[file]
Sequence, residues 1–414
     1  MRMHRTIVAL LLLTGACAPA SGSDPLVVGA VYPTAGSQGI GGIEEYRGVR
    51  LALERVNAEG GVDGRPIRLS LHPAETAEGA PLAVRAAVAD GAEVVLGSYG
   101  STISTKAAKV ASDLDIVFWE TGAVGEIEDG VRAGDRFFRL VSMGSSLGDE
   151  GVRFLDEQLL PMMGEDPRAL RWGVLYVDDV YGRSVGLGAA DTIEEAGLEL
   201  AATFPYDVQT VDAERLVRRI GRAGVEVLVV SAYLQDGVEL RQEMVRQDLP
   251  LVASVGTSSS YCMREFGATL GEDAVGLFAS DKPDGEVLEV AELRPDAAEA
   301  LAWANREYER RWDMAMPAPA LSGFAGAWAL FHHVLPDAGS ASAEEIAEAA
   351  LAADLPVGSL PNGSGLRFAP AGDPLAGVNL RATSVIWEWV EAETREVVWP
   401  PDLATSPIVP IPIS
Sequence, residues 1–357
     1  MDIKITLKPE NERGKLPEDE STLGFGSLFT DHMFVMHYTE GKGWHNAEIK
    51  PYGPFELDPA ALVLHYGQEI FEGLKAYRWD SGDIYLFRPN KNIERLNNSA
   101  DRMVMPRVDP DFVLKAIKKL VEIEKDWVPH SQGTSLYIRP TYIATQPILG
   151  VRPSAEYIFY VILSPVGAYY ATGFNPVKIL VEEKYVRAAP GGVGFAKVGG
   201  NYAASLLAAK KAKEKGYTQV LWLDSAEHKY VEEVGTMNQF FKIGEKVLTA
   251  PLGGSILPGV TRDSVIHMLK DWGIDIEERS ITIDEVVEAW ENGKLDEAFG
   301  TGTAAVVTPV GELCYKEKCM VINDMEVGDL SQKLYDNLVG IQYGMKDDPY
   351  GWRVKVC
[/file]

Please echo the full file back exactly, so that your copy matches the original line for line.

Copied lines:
Sequence, residues 1–414
     1  MRMHRTIVAL LLLTGACAPA SGSDPLVVGA VYPTAGSQGI GGIEEYRGVR
    51  LALERVNAEG GVDGRPIRLS LHPAETAEGA PLAVRAAVAD GAEVVLGSYG
   101  STISTKAAKV ASDLDIVFWE TGAVGEIEDG VRAGDRFFRL VSMGSSLGDE
   151  GVRFLDEQLL PMMGEDPRAL RWGVLYVDDV YGRSVGLGAA DTIEEAGLEL
   201  AATFPYDVQT VDAERLVRRI GRAGVEVLVV SAYLQDGVEL RQEMVRQDLP
   251  LVASVGTSSS YCMREFGATL GEDAVGLFAS DKPDGEVLEV AELRPDAAEA
   301  LAWANREYER RWDMAMPAPA LSGFAGAWAL FHHVLPDAGS ASAEEIAEAA
   351  LAADLPVGSL PNGSGLRFAP AGDPLAGVNL RATSVIWEWV EAETREVVWP
   401  PDLATSPIVP IPIS
Sequence, residues 1–357
     1  MDIKITLKPE NERGKLPEDE STLGFGSLFT DHMFVMHYTE GKGWHNAEIK
    51  PYGPFELDPA ALVLHYGQEI FEGLKAYRWD SGDIYLFRPN KNIERLNNSA
   101  DRMVMPRVDP DFVLKAIKKL VEIEKDWVPH SQGTSLYIRP TYIATQPILG
   151  VRPSAEYIFY VILSPVGAYY ATGFNPVKIL VEEKYVRAAP GGVGFAKVGG
   201  NYAASLLAAK KAKEKGYTQV LWLDSAEHKY VEEVGTMNQF FKIGEKVLTA
   251  PLGGSILPGV TRDSVIHMLK DWGIDIEERS ITIDEVVEAW ENGKLDEAFG
   301  TGTAAVVTPV GELCYKEKCM VINDMEVGDL SQKLYDNLVG IQYGMKDDPY
   351  GWRVKVC